Wednesday, September 19, 2012

Faithful suspicion…

Last weekend, I began a book that, in the late 1980s, caused a stir. Titled “The Satanic Verses” (referring to a disputed story from Islam’s founding), this novel narrates two men’s experiences of traveling from India to Britain. It’s a good read so far, literary and imaginative. I’ve gotten to some of the “controversial” sections and haven’t found them offensive. Of course, I’m not Ayatollah Khomeini who, in 1989, faced an angry Iranian public, tired from eight years of war with Iraq, upset by their government’s bungling, and thus- some commentators have suggested- the Ayatollah needed a scapegoat. Fortunately (for him), there was Salman Rushdie’s recently published book. So, in what I find an act of stunning hubris, he ‘informed’, “all brave Muslims of the world that the author of The Satanic Verses…(is)condemned to death. I call on all valiant Muslims wherever they may be in the world to kill (him) without delay.” This ‘ruling’, or fatwa, sparked multiple demonstrations in Muslim-majority countries, at which some were killed. And Rushdie spent the next decade-plus in hiding.

Now, I didn’t choose this novel because of recent demonstrations in Muslim-majority countries. I’ve been eyeing it for years, and recently found it on sale. Still, the parallels of that controversy and what’s been dominating recent news have seemed eerie to me, and sad.

Not that the Youtube video that sparked last week’s turmoil compares to Rushdie’s fiction. I haven’t seen the now infamous (and from all accounts, stupidly intolerant) video, but have heard it’s an amateurish, deliberate attack on the dignity of Islam and its founder. Rushdie, by contrast, painted an artistic, nuanced picture of the alleged “Satanic Verses Incident”, seeking to explore the concept of revelation. He deplores ‘fanaticism,’ self-describes as an atheist, but also professes respect for religious folk, Muslims included. Yet regardless of intent- intentionally demeaning or imaginative investigation- in both instances, people chose to take offense, leading to others’ deaths.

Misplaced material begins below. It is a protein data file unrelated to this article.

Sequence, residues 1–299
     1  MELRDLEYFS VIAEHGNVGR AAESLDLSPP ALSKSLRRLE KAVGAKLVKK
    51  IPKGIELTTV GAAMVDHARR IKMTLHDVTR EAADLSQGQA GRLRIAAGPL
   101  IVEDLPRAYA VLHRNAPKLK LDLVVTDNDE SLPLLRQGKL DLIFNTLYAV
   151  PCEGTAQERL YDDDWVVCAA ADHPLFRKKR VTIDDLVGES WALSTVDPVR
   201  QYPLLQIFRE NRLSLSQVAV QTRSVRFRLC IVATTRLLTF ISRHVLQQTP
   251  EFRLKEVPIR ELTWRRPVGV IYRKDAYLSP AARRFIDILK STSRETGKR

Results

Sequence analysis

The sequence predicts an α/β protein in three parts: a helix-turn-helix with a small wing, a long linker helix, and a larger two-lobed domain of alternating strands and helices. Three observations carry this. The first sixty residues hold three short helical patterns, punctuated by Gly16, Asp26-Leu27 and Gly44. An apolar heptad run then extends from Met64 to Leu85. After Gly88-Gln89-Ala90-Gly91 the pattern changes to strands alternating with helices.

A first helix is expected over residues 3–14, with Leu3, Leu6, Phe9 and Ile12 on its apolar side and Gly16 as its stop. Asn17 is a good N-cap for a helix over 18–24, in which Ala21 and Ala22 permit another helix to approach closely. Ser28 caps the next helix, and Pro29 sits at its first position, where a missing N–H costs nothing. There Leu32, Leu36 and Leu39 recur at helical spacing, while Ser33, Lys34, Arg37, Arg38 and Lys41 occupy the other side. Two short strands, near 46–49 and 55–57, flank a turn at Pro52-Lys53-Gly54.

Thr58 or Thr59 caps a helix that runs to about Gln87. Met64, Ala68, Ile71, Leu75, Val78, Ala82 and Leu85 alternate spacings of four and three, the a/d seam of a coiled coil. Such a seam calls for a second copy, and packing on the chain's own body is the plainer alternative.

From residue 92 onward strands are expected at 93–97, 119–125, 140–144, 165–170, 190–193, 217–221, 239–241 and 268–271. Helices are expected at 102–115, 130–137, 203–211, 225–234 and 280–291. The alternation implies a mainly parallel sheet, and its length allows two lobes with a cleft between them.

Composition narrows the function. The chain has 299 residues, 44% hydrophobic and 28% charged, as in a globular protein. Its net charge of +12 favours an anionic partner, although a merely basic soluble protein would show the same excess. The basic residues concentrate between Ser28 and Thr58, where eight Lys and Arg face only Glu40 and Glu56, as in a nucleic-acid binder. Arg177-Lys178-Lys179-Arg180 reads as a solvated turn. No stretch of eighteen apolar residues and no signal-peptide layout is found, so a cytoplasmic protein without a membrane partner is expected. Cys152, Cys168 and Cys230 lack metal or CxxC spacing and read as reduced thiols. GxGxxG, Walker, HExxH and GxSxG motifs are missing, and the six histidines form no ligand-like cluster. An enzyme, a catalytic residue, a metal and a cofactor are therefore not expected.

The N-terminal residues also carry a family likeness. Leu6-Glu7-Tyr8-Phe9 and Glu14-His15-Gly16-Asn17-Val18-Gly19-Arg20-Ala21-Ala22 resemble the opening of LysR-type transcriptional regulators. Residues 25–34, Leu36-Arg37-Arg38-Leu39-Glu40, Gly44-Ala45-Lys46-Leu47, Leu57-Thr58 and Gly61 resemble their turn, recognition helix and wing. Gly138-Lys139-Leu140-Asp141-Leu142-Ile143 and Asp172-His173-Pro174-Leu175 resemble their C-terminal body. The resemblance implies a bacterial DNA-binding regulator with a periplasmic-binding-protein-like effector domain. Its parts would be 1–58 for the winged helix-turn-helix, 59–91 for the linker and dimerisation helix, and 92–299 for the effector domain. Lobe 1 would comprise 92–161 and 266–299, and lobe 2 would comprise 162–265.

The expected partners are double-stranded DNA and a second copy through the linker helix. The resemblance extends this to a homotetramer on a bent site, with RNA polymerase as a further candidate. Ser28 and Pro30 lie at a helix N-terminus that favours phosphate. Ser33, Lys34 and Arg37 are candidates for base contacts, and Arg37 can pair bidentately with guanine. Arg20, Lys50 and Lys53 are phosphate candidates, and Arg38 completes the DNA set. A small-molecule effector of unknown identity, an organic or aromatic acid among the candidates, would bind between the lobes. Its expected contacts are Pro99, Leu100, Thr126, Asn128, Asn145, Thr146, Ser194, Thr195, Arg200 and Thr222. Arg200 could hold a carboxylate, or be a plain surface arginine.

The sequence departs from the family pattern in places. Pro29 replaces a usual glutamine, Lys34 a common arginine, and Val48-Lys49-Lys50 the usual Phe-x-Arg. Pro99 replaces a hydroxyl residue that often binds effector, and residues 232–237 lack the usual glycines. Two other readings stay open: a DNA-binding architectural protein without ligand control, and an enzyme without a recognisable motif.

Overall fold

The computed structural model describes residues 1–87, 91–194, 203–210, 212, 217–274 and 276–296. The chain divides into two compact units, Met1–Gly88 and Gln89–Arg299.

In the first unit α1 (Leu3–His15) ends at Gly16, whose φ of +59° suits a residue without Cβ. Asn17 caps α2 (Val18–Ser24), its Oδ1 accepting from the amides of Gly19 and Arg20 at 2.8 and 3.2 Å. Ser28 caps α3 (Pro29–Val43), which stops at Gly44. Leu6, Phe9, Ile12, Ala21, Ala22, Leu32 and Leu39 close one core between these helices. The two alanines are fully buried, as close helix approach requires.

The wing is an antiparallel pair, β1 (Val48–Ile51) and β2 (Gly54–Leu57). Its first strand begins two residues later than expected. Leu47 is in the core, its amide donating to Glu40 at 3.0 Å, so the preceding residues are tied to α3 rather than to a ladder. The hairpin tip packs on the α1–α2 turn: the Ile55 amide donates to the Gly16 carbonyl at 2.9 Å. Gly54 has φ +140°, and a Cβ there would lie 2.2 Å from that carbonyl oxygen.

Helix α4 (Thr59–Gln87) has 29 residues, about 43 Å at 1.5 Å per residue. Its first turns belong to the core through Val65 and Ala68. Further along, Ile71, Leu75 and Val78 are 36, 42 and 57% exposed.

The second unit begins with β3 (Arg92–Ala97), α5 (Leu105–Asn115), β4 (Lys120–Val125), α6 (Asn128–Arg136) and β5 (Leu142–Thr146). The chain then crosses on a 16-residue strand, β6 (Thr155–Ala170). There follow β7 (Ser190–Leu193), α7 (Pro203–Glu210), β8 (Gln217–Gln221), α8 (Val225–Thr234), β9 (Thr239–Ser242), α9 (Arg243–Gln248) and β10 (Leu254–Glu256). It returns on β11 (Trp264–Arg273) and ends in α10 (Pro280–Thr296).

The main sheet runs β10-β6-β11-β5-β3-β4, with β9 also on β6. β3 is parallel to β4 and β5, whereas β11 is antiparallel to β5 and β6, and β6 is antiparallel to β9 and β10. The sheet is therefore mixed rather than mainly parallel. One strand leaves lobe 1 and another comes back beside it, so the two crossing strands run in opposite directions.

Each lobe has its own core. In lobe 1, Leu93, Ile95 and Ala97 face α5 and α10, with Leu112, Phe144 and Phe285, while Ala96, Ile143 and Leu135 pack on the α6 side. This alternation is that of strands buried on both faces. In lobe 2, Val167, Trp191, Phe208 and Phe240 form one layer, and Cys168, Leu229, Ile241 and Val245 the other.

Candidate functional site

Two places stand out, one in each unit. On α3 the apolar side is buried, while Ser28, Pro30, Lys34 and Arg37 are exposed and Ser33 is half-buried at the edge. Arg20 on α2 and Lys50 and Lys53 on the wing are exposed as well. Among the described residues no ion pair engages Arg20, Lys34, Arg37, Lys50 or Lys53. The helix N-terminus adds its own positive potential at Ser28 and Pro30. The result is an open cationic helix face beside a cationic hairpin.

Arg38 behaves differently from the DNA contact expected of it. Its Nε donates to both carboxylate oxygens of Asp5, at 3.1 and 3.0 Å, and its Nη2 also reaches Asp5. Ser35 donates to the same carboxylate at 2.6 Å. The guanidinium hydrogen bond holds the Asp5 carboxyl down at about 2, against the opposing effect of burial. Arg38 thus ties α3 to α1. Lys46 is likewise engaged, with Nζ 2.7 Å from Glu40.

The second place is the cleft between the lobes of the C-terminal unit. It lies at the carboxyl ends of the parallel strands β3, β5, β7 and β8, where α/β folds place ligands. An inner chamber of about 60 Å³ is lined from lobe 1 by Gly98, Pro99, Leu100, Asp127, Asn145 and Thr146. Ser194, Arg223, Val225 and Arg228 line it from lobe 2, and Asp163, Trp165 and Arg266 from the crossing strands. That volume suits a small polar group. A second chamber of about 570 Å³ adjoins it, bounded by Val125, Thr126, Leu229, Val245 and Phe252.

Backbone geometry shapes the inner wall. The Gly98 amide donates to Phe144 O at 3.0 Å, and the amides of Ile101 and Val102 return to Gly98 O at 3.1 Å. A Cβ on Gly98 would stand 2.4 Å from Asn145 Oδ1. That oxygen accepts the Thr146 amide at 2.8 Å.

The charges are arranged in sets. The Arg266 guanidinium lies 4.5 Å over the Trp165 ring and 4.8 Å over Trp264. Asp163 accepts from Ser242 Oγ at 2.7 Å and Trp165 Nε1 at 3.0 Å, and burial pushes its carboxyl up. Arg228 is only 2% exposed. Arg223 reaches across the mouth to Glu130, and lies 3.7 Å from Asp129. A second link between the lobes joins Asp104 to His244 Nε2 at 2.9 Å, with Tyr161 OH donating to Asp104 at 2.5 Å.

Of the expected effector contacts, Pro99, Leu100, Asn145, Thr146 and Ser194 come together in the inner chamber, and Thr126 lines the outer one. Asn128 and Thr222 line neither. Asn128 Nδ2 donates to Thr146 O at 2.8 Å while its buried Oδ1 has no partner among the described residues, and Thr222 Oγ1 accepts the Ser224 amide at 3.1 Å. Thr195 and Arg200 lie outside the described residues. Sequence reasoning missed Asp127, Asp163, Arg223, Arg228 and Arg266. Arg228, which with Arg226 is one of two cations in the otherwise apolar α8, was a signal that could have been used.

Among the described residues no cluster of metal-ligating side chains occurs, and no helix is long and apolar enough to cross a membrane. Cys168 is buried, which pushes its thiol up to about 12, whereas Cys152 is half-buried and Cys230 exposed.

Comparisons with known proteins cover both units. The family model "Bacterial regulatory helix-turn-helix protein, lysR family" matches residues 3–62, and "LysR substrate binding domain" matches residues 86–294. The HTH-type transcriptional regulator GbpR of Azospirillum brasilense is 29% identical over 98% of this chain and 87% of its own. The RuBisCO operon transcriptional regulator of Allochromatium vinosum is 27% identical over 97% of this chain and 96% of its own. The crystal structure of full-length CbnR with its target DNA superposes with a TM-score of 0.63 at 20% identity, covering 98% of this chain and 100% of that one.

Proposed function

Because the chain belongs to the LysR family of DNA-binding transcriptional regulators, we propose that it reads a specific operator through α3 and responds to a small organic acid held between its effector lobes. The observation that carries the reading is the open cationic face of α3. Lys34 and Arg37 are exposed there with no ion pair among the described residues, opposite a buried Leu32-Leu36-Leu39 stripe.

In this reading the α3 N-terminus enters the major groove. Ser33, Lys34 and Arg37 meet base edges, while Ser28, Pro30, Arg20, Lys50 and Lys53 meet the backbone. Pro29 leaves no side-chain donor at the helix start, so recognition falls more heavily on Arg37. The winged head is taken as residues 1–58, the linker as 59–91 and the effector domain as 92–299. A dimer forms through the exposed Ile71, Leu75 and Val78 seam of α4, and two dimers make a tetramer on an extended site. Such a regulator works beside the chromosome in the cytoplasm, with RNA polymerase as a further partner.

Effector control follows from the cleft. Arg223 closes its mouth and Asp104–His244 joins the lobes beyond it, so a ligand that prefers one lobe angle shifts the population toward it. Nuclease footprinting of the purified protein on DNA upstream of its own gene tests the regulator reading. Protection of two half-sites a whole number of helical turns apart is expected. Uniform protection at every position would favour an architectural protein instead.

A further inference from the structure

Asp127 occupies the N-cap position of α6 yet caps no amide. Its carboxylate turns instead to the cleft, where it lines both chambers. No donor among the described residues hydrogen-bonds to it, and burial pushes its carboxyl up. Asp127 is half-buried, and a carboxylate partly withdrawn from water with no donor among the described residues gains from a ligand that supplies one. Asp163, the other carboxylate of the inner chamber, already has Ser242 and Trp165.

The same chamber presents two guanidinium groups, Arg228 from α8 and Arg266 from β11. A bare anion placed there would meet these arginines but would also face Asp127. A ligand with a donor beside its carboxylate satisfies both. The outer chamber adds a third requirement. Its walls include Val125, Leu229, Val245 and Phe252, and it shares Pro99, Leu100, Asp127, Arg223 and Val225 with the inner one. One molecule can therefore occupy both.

I suspect that today, as then, the reasons for the condemnations and resulting protests are more complex than, “The artwork offends Muslims.” For starters, some Muslims aren’t offended. And for most who are, the offense isn’t worth hurting, or murdering, other humans. But like then, these days we see hostile leaders using this otherwise obscure fiction to distract attention or gain power. For instance, on Monday, Hezbollah’s leader made a rare public appearance to denounce the anti-Islamic video and ‘warn’ the US. He’s done the latter many times before, it’s just now he sees an opportunity: Channel people’s frustrations to support his organization.

I find such behavior disgusting. Obviously, violence in reaction to art, however stupid or beautiful, offends my regard for the rights of free expression and of life itself. But beyond that, the cynical manipulation of religious sentiment for political gain in these cases angers me. Whatever the reasons for people’s protests- sincere spiritual offense, disgust with US foreign policy, frustration at inequality or poverty, or just plain ole bigotry- to then take advantage by marshaling pious devotion in favor of death and violence, that contradicts all I cherish about religion, Christian and Muslim.

After all, Jesus said, “Love your enemy.” Not that Muslims are Christian enemies, nor Muslim-majority countries the enemies of religiously-diverse America. But whomever chooses to call you ‘enemy,’ Jesus counsels, ought be treated in return with compassion, not derision. That’s the spiritually courageous, even responsible, reaction, as many Muslim leaders these days agree. For God, as Mohamed described, is All-Compassionate and Merciful. Or as 1 John puts it, God is Love. To stand up to aggression and defend the weak is, surely, a just application of those principles. But even when one must confront a bully with force (like, say, Hitler), religiously sincere people- particularly leaders- cannot advocate hate, and hate-inspired violence. It betrays the unifying, reconciling, forgiving force behind religion itself. It betrays God, as every great prophet made plain.

So whatever’s “really happening” in recent protests, I urge you to be suspicious of anyone using religion to stoke the flames. That’s not authentic Christian or Islamic faith. It’s a willful grab for power. And our God desires love and reconciliation, not division or hate.

Grace and Peace,


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